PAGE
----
For the past two weeks, the big issue has been Influenza A (H1N1) formerly known as Swine Flu. We altered itineraries on a number of ships, in an abundance of caution, to avoid calling in Mexico until we have a better understanding of the situation. Mexico is arguably the most important cruise destination on the planet, with both the east and west coasts of great significance to many ships and itineraries. Having to suddenly exclude Mexico from our portfolio of destinations is unprecedented and we look forward to returning there ASAP.
I imagine people outside the company never feel we respond quickly enough. They are so hungry for the “news.” From my standpoint, it was remarkable how quickly we reacted. We were at least hours and, for the most part, days ahead of our competition in providing new itinerary details and compensation policies our web sites in press releases.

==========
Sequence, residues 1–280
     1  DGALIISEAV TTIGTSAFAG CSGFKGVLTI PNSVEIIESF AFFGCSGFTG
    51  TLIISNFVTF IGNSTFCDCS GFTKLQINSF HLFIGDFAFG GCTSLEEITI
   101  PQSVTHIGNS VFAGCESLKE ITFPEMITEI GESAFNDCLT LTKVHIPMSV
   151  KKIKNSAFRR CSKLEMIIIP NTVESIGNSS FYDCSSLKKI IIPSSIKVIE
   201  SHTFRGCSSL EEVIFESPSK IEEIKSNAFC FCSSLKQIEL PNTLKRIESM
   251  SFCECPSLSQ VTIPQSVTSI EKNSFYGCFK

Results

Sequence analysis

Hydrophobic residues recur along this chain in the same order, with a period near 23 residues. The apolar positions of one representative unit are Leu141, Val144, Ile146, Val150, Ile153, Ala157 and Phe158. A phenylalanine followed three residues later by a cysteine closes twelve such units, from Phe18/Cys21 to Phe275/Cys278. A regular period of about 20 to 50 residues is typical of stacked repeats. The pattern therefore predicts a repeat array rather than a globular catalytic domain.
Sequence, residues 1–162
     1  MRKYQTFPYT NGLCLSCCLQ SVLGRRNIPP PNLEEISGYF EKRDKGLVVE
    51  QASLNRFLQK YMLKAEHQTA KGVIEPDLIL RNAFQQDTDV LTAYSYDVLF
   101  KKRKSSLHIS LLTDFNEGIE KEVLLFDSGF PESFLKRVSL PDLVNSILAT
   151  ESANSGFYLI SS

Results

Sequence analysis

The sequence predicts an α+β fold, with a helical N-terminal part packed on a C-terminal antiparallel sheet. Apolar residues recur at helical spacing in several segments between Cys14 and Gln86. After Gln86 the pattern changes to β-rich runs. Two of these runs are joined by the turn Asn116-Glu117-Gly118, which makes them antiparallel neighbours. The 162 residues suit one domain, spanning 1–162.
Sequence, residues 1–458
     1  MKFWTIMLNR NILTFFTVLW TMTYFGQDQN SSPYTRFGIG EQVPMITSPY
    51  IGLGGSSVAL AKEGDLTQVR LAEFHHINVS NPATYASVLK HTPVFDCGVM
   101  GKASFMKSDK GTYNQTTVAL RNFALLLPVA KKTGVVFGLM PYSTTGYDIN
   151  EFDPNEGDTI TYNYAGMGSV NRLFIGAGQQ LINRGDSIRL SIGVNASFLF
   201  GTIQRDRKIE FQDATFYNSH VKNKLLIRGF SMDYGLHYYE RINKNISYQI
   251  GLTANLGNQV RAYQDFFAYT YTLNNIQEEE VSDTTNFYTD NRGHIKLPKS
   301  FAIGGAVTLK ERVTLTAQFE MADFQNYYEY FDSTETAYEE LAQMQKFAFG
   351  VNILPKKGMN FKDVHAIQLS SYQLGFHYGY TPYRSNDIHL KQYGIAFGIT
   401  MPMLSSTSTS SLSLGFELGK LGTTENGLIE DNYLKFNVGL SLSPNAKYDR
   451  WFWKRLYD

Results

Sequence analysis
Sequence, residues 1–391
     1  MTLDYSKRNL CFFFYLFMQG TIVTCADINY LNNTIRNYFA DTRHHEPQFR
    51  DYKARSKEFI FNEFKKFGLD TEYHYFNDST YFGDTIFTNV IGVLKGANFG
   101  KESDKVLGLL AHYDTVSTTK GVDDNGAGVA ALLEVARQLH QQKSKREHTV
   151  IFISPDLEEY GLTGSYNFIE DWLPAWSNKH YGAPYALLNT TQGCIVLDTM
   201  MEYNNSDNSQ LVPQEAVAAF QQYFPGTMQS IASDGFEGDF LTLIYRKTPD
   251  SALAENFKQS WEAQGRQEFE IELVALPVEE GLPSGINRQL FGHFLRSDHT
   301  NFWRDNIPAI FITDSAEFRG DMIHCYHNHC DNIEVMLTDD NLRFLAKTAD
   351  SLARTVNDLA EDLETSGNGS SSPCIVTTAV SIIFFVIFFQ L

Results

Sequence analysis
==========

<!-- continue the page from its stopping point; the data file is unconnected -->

On Tuesday morning, two weeks ago, I asked Chris Allen, our Director of Deployment & Itinerary Planning, to create a scenario where our ships would avoid Mexico with the least deviation possible from the existing itineraries. Following that discussion, there was a three hour meeting in our situation room where approximately 20 departments discussed every aspect of such widespread and unexpected changes to our normal operations. By mid-afternoon, Chris had alternatives for every route. This included a promising scenario for what to do with Mariner of the Seas on the west coast, which was the most affected ship. In order to comply with U.S. law, if Mariner couldn’t go to Mexico, her only choice was to go to Canada. We were all pleasantly surprised that Chris put together a one week itinerary including San Francisco, Victoria, B.C. and Seattle. We even have people asking that we continue this itinerary in the future!
I’m proud of our entire team for their quick and comprehensive reaction to this fast developing situation. And I don’t even have room to write about the work that took place on the medical side of the preparations. I’m equally proud of the work Dr. Art Diskin and my other colleagues have done to ensure our terminals and ships are completely prepared for anything related to H1N1.
For the most timely information about H1N1 and other health safety, I encourage all of our customers to visit the CDC website.